The House committee used part of the hearing to back up part of the explosive testimony of former White House aide Cassidy Hutchinson, who said that Trump desperately wanted to march to the Capitol with his supporters on Jan. 6 after his rally at the Ellipse. Some Secret Service officials questioned Hutchinson’s version of events, particularly that Trump attempted to grab the steering wheel. The panel aired portions of a deposition from Sgt. Mark Robinson of the Metropolitan Police Department, who said he was informed that “the president was upset and was adamant about going to the Capitol and that there was a heated discussion about that” once he got into the motorcade following his speech.

Thursday’s hearing came amid a separate public spat with the Secret Service over deleted text messages in the days around Jan. 6, which the agency has said it can no longer retrieve because of a technical glitch from a system migration. The committee’s chairman, Rep. Benny Thompson, Democrat of Mississippi, and its vice chair, Rep. Liz Cheney, Republican of Wyoming, have suggested the lost messages could amount to a violation of the Federal Records Act.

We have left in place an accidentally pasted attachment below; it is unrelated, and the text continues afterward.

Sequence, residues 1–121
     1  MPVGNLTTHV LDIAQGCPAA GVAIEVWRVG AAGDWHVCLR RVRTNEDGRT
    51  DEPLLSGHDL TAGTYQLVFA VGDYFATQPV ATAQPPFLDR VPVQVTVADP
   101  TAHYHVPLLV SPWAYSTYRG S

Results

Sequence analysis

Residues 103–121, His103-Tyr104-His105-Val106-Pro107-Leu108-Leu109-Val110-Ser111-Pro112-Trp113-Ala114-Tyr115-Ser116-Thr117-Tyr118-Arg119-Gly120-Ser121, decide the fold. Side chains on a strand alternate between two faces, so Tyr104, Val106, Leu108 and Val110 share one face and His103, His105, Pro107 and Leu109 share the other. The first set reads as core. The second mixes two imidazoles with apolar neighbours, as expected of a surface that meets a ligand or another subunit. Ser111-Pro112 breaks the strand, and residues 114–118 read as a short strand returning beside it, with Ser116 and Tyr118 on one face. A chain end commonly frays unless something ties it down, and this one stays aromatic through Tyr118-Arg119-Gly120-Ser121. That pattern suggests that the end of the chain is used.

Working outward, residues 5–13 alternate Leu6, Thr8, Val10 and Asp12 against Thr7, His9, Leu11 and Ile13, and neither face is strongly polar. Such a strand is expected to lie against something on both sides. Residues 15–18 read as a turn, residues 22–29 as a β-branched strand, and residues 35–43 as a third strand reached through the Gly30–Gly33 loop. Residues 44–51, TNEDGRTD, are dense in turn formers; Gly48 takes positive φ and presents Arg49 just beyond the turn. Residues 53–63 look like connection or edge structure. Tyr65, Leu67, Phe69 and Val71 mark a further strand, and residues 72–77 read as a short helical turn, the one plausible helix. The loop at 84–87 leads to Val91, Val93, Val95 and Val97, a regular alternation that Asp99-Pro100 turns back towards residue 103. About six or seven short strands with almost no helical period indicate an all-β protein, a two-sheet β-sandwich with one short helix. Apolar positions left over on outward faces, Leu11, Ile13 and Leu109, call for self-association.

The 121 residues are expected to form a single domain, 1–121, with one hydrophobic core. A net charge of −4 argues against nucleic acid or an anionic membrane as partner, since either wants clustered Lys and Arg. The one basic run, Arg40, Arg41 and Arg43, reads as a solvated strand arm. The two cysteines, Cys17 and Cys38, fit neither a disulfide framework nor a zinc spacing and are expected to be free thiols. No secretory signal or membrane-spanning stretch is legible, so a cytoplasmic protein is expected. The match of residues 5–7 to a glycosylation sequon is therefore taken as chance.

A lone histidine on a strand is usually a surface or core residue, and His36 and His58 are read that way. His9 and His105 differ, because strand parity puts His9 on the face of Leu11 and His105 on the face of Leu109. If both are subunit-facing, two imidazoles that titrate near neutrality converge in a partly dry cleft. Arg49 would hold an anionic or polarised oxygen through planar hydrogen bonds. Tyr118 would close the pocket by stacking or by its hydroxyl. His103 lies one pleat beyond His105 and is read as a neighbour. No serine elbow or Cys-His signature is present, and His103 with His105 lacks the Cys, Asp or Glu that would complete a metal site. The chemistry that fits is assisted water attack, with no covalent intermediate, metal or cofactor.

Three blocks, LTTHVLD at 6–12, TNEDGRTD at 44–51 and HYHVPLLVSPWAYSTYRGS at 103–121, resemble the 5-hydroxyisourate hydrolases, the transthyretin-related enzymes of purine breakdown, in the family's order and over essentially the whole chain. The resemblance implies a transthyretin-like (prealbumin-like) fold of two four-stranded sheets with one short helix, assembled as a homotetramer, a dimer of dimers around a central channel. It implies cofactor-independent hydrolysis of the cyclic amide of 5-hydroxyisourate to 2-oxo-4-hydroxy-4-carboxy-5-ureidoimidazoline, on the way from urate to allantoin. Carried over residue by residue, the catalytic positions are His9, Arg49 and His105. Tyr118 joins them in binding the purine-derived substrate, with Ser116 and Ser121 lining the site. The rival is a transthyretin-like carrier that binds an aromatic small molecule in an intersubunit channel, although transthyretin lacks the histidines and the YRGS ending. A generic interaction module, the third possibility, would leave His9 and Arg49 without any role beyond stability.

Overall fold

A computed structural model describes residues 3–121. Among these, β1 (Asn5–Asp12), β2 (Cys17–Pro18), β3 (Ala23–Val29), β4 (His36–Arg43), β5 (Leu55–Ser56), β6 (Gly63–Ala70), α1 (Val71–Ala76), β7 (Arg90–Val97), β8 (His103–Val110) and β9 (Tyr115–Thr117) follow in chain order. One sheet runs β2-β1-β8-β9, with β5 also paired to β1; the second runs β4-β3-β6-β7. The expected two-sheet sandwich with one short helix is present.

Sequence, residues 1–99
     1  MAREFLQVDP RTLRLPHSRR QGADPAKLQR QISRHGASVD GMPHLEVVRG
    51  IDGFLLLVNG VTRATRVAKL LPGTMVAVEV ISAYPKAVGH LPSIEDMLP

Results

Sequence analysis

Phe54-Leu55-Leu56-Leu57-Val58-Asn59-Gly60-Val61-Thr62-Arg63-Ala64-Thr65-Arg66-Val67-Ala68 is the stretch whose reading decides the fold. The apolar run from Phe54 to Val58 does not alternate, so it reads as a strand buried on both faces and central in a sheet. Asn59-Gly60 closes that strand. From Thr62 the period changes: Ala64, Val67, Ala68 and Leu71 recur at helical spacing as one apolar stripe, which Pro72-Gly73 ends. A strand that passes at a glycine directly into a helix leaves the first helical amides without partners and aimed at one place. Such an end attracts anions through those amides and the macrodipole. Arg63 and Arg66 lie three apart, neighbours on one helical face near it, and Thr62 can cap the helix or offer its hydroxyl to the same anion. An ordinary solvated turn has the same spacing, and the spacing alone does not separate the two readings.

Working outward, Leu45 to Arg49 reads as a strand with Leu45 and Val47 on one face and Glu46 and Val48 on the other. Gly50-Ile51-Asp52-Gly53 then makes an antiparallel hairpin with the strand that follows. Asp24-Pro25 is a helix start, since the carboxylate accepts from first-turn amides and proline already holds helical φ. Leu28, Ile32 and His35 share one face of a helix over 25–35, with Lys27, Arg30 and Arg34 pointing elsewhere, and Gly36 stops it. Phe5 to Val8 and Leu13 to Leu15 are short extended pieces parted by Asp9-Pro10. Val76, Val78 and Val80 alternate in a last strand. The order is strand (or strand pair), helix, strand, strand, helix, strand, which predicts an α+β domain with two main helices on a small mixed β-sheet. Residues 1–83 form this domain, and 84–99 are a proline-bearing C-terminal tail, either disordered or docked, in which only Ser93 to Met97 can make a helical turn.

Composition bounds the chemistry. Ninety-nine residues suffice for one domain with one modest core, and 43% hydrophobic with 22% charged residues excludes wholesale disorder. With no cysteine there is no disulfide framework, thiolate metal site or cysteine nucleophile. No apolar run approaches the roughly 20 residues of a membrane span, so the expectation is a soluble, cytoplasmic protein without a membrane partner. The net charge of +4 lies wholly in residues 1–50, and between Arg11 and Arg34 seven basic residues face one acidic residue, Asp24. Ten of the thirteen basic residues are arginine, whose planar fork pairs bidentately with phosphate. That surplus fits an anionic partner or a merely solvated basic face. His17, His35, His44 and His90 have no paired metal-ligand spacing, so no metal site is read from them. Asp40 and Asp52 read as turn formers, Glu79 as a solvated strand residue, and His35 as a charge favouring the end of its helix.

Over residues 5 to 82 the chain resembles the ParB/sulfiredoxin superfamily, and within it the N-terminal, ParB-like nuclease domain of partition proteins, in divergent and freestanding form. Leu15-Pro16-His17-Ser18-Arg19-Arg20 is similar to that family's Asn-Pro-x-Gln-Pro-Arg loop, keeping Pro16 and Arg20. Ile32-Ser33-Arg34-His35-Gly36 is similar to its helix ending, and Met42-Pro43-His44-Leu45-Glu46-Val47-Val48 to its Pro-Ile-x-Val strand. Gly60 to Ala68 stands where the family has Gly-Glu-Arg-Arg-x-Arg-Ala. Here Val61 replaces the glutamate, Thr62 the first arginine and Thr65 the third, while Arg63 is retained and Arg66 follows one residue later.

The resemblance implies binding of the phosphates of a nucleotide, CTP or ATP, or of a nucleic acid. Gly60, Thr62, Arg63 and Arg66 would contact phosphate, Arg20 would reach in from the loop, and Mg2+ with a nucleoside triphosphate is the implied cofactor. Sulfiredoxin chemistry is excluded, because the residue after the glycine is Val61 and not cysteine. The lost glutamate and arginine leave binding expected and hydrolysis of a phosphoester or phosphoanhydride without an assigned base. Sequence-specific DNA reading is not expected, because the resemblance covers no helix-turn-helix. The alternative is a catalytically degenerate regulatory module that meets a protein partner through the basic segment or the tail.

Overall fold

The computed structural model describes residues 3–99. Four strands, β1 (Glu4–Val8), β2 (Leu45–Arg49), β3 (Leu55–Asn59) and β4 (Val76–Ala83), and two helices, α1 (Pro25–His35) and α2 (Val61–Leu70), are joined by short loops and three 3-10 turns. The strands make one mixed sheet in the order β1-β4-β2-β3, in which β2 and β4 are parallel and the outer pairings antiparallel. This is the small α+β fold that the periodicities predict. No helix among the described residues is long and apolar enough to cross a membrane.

Earlier hearings have revealed how Trump continued to insist he won the election even after multiple White House advisers told him that wasn’t true, and how Trump pressured Pence to reject Biden’s Electoral College victory. Others focused on Trump’s attempts to coerce state election officials to decertify Biden’s victories, and on the ways he tried to corrupt the Justice Department to help overturn the election. An abruptly scheduled session late last month was devoted to Hutchinson, who testified that the Secret Service told Trump on Jan. 6 that many of his supporters were heavily armed but he told them to go to the Capitol anyway, a revelation that some former prosecutors have argued opens him up to criminal liability. The former president also wanted to march with them to the Capitol, despite Cipollone saying Trump would be “charged with every crime imaginable” if he did, Hutchinson testified.